We've heard it all offseason: The Los Angeles Lakers will be making the playoffs in 2018. We hear it from the media, we hear it from the fan base, and we most certainly hear it from LaVar Ball.
One can't help but understand the jolt in optimism. Over the last four years, the Lakers have endured their worst four-year run in the history of the franchise. An injured Kobe Bryant, poor personnel decisions, and a tumultuous front office dynamic has Los Angeles slowly clawing their way up the incredibly steep hill of the NBA hierarchy.
The shake-up in the front office helped in ushering in a clean slate. The Magic Johnson-Rob Pelinka duo should aide in the cachet side of things. No longer are the Lakers beset by a front office circus surrounding the familial feud between siblings Jim and Jeanie Buss.
Court time pic.twitter.com/baqvstdYDg
— Los Angeles Lakers (@Lakers) September 19, 2017
A renewed sense of professionalism has given the franchise back levels of respectability once cultivated by the late Dr. Jerry Buss. Essentially, the team is no longer in disarray.
While all of these aspects remain true, we have one statement for Mr. Ball: The Lakers will not be making the playoffs in 2018.
That's not to say that strides haven't been made, however. The plan is in place for this team to eventually make some noise -- though patience is required at this point.
The roster is incredibly young across the board. Brook Lopez (29) and Corey Brewer (31) are the only "veterans" within the group that are expected to play extensive roles in the rotation. The vast majority of the core group (Brandon Ingram, Lonzo Ball, Kyle Kuzma, Josh Hart, Julius Randle, Ivica Zubac, Jordan Clarkson, Kentavious Caldwell-Pope, Larry Nance Jr.) are all 25 years old or younger.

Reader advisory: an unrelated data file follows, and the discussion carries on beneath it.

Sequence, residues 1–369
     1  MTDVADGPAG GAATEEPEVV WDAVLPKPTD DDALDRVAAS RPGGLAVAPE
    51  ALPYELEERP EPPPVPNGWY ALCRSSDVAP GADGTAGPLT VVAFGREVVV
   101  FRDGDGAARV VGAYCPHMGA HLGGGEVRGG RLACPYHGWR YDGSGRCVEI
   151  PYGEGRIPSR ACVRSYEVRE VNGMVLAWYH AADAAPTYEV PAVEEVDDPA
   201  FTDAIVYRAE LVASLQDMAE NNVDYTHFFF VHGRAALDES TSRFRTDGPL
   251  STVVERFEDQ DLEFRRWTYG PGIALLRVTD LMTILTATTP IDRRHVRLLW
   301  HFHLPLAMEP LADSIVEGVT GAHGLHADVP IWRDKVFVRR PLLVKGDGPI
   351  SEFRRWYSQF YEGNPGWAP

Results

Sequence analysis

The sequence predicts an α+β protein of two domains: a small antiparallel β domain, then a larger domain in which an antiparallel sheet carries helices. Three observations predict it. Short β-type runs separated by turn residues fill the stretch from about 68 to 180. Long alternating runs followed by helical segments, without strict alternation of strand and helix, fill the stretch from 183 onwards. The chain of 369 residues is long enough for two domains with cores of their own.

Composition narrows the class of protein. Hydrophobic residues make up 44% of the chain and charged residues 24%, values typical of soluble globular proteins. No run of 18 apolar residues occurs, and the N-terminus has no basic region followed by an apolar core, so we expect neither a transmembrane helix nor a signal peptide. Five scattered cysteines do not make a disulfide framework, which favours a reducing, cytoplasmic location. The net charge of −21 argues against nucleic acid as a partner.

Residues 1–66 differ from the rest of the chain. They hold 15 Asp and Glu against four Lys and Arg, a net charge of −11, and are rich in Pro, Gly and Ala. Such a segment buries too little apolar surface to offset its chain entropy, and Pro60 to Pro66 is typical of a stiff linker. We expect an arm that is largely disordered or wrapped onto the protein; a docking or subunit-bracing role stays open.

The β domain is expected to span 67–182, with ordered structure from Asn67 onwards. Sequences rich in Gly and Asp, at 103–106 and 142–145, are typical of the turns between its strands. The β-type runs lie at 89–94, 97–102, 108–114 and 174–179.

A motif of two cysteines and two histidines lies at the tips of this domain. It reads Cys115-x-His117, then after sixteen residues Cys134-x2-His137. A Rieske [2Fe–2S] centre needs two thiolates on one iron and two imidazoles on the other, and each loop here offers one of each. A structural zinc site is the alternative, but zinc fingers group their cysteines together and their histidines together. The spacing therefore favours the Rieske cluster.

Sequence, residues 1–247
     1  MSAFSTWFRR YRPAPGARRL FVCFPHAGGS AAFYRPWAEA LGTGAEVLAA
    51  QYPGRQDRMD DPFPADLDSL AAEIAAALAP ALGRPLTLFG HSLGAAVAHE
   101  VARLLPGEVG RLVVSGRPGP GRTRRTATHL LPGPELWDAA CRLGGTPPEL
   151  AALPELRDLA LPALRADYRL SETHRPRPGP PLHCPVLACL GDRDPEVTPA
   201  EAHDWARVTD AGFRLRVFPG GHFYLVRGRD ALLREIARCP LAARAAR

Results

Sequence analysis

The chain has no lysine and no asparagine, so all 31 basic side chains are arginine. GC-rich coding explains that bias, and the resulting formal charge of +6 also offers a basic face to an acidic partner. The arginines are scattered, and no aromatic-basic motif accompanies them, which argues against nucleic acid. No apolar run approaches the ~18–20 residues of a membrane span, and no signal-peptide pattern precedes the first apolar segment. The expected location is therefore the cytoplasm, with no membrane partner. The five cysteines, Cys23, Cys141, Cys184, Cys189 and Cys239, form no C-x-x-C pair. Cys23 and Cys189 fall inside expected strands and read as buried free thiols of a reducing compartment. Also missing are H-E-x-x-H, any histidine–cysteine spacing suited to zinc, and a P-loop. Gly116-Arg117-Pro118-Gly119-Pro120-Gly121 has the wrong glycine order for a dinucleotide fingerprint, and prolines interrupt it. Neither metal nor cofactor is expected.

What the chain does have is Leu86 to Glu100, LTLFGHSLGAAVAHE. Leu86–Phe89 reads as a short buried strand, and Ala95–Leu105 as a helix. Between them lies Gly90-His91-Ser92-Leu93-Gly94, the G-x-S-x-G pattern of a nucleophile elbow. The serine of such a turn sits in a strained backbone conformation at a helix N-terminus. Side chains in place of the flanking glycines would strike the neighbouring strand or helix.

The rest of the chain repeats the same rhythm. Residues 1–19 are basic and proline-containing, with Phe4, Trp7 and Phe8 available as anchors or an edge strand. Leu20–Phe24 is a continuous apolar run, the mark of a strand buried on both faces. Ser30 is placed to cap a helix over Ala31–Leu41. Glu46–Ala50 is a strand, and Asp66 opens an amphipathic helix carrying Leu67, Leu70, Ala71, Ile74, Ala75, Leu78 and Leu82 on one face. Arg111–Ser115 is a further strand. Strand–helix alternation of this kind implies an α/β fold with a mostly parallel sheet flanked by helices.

Collectively, there's not a whole lot there in the way of experience. Rarely will you see a playoff team possessing this 'saturation level' of youthful players. With Luke Walton in only year two of his head coaching career, growing pains -- both from the personnel and staff -- will invariably occur.
The talent in the stacked Western Conference cannot be overstated enough. A top-four group of Golden State, San Antonio, Houston, and Oklahoma City are etched in stone (barring injury) as playoff guarantees. Operating in this premise, the Lakers would then have to garner one of the final four playoff seeds. The team certainly appears primed to improve upon last year's 24-58 record.
Depth across the board has been enhanced. The team has a legitimate post scorer (Lopez), a very good two-way wing (Caldwell-Pope), and perhaps the team's next cornerstone transcendent player (Ball). Ingram also looks ready to make the leap as an above-average forward in the league. However, the likelihood of making the playoffs still appears like a stretch.
Minnesota, Portland, and Denver are more talented at this point. Memphis possesses two players (Marc Gasol, Mike Conley Jr.) better than anyone on the Lakers' current roster. The same can be said for New Orleans (Anthony Davis, DeMarcus Cousins) and the Clippers (Blake Griffin, DeAndre Jordan). Even then, you've also got the defensive-minded Utah Jazz.
Simply put, the fan base (and LaVar) need to exercise patience. This year will be one for Ball to get his feet wet as a floor general. It also will mean another year of familiarity in installing Walton's scheme. This bridge year of sorts will act as a nice appetizer for what figures to be a main course of an offseason in 2018.
The free agent class could completely transform the Lakers from an upstart squad into one competing for a title (depending on the signings, or lack thereof). Paul George, LeBron James, Kevin Durant, DeMarcus Cousins, and others all figure to be available.
As such, enjoy this season. While the Lakers won't be contending for postseason glory, they should be fun to watch in this transitional year.
Image Source: Lakers Twitter Account